Patients should also be counseled on how to administer naloxone based on the dosage form that’s dispensed. Administration varies greatly by dosage form. For example, Evzio® is dispensed with an auto-injector for training purposes and 2 true auto-injectors. The trainer has audible step-by-step instructions for injection. It’s necessary to continue to monitor the breathing of the patient and administer another dose with the second auto-injector within 2 to 3 minutes if they don’t wake up.21 The nasal spray should be administered when the patient is lying on their back. The nozzle should be placed inside either nostril while pressing the plunger to release the dose. After naloxone administration, the patient should be turned onto their side.21-22
Naloxone dispensing and counseling is just one more area that has the potential to expand collaborative practice in order to effectively care for our patients. Pharmacists are readily accessible health care providers who can play a vital role in reducing fatal opioid overdoses through the administration and provision of naloxone to both patients and caregivers in a safe and nonintimidating environment.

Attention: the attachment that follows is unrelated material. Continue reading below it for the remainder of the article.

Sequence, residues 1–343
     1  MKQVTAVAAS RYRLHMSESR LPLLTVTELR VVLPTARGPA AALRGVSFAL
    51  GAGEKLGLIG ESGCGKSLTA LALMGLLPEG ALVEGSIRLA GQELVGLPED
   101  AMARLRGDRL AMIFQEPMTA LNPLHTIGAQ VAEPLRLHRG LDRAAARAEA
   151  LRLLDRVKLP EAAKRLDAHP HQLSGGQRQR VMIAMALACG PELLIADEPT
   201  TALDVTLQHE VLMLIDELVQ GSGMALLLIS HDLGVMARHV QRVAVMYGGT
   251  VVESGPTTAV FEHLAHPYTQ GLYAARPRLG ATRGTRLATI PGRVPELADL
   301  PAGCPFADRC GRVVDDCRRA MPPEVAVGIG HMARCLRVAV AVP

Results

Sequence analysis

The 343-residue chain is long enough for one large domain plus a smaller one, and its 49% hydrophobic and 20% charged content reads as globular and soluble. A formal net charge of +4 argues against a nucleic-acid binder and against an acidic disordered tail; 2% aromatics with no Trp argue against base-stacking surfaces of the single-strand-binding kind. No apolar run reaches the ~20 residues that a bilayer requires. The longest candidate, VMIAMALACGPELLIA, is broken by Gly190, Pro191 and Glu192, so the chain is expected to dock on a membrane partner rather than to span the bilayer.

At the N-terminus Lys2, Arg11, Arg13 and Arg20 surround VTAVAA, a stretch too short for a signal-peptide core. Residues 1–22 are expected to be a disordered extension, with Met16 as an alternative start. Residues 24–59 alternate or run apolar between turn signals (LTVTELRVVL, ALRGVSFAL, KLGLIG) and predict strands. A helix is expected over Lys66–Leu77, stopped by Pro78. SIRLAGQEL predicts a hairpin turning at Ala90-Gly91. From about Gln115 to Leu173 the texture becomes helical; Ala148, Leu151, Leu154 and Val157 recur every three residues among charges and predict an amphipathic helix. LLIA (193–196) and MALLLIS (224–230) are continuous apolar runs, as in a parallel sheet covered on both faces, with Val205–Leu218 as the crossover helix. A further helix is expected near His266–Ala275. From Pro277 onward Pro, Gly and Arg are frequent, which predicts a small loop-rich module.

Written with Ashleigh Cutcliff, Alexandria Stringberg, and Caitlin Atkins, student pharmacists and 2017 Doctor of Pharmacy candidates at the Auburn University Harrison School of pharmacy.
1. CDC. Prescription opioid overdose data. CDC website. 2016. cdc.gov/drugoverdose/data/overdose.html.
2. Yardley, W. Jack Fishman dies at 83; saved many from overdose. New York Times. Decemeber 14, 2013. nytimes.com/2013/12/15/business/jack-fishman-who-helped-develop-a-drug-to-treat-overdoses-dies-at-83.html?_r=0.
3. Naloxone: Lexi-Comp Online Databse. Hudson, OH: Wolters Kluwer Health/Lexi-Comp, Inc. online.lexi.com/lco/action/home/switch.
4. Narcan, Evzio (naloxone) dosing, indications, interactions, adverse effects, and more. 2016. Healthbrk website. http://healthbrk.com/health-problems/drug/12057-narcan-evzio-naloxone-dosing-indications-interactions-adverse-effects-and-more.